Analysis of cryo-electron microscopic images for the GluA2–desensitized state revealed evidence of substantial conformational heterogeneity at the ATD layer, precluding determination of a single desensitized-state 3D structure. Three-dimensional classification of the images enabled separation of three dominant classes at nominal resolutions of 21 Å, 23 Å, and 26 Å, with variable degrees of displacement between ATD dimers compared with the closed and active states. In all three classes, the LBD layer separates into four lobes of density, with different degrees of separation between the proximal and distal LBD subunits, strikingly different from the “dimer-of-dimers” structure found in the closed and active states, but reminiscent of the GluK2 structure determined by tomography.

The GluK2–desensitized state was solved to a resolution of 7.6 Å and was adequate to unambiguously show that, in the desensitized state, the ion channel adopts a closed conformation in which the M3 helices form a crossed bundle assembly with the pre-M1 helices wrapped around the outside of the channel, similar to that seen for the antagonist-bound closed state, and revealed for the first time how the LBDs rearrange to permit the ion channel to close even though the individual subunits retain a glutamate-bound closed-cleft active conformation. Desensitization occurs because, in the LBD assembly, the distal subunits swing clockwise by 125° in the horizontal plane, while the proximal subunits rotate by 13°. In the vertical plane, the distal and proximal subunits tilt 11° and 6° away from the global axis of symmetry. As a result of these movements, in the GluK2–desensitized state the LBD layer resembles an inverted pyramid, in which the four subunits are arranged with quasi four-fold symmetry, strikingly different from the two-fold symmetric dimer of dimers assembly in the active state. Overall, the results provide a detailed glimpse into the overall gating cycle of glutamate receptors, an evaluation of the similarities and differences in conformational changes observed in AMPA– and kainate-receptor families and a molecular mechanism for the marked LBD movements that occur during the receptor gating cycle.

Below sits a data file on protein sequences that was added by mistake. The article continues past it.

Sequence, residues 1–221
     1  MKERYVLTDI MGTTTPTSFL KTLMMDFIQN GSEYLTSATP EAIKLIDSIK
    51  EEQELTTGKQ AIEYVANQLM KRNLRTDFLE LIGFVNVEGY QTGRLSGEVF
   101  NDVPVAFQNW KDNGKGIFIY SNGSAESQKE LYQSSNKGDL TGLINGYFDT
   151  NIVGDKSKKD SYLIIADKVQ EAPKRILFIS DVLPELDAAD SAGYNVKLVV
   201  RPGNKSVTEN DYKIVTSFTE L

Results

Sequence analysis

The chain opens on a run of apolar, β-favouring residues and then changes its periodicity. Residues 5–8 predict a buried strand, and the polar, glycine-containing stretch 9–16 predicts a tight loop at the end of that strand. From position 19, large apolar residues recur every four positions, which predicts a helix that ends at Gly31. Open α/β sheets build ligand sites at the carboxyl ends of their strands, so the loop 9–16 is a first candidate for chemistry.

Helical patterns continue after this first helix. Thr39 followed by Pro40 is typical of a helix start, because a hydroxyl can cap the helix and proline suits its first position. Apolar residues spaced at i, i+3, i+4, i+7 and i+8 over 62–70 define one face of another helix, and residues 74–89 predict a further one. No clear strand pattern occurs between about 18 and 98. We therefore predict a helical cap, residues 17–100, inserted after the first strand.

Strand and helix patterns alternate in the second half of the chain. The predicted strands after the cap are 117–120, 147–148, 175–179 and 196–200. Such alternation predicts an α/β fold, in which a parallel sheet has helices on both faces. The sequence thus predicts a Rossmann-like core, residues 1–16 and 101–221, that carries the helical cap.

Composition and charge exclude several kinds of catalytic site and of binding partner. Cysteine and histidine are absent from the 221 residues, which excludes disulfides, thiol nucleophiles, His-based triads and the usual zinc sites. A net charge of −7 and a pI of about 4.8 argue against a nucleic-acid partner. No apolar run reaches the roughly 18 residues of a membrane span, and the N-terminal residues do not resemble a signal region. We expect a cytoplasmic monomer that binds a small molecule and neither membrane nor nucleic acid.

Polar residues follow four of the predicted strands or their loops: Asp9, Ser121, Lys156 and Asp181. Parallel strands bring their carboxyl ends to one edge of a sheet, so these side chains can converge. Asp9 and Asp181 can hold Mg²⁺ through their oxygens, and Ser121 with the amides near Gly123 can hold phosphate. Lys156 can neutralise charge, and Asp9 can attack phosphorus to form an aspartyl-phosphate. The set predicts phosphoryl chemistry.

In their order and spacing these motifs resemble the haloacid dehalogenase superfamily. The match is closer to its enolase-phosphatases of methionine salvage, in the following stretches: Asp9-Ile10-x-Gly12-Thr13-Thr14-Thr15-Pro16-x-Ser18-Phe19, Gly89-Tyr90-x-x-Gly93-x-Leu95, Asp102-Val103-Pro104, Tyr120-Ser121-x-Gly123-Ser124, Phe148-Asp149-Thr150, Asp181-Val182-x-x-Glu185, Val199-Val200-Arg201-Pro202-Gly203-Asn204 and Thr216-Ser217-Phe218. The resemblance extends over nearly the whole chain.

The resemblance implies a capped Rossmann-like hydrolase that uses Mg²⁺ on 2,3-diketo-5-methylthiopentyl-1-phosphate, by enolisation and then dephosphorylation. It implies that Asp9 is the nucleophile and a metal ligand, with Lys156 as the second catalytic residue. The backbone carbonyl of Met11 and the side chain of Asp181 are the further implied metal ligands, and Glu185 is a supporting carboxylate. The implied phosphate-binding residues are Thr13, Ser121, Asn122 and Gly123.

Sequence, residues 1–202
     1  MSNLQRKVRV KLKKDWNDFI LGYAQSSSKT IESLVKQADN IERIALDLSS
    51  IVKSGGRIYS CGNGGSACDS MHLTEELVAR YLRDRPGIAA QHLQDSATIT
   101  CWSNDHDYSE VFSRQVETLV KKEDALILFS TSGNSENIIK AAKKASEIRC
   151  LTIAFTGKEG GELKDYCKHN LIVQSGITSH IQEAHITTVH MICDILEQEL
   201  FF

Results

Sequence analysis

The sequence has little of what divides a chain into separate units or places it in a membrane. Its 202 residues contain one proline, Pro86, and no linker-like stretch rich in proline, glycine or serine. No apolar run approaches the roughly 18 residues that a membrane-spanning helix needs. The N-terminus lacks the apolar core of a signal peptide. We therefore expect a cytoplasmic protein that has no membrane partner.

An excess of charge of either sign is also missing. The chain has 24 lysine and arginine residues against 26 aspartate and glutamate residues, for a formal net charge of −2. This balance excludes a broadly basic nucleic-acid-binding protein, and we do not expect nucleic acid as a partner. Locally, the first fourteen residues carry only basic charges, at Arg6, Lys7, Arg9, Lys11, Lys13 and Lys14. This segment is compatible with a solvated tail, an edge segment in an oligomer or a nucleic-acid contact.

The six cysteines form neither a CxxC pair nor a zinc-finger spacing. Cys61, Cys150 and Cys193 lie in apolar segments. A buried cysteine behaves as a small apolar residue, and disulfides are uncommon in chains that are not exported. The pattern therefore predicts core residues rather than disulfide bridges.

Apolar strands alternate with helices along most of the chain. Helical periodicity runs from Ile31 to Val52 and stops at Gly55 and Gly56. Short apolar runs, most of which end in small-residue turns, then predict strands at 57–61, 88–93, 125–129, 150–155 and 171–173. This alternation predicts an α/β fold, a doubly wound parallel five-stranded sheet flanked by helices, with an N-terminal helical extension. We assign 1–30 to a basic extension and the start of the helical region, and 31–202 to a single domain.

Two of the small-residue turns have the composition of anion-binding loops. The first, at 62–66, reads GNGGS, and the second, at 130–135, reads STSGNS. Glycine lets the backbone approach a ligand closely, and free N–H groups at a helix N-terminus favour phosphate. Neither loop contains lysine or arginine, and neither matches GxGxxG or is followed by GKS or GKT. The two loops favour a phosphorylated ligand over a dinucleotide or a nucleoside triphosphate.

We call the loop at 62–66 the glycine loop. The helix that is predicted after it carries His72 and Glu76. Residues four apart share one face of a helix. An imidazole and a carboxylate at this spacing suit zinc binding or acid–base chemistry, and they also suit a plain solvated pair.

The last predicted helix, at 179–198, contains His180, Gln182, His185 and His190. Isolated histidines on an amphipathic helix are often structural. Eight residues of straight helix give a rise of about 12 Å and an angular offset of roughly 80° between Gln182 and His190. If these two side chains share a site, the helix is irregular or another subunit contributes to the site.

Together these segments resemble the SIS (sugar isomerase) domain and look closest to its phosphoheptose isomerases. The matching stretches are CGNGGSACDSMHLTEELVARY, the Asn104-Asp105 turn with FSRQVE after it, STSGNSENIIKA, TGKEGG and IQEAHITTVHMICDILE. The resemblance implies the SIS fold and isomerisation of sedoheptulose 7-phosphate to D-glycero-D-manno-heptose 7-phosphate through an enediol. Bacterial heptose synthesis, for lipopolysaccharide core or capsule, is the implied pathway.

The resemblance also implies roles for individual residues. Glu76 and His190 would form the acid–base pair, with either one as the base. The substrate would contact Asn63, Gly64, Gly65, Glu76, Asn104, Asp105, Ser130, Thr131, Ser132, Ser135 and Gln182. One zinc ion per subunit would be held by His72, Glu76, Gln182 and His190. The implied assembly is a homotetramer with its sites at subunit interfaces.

Molecular biophysical studies on AMPA–receptor dimer assembly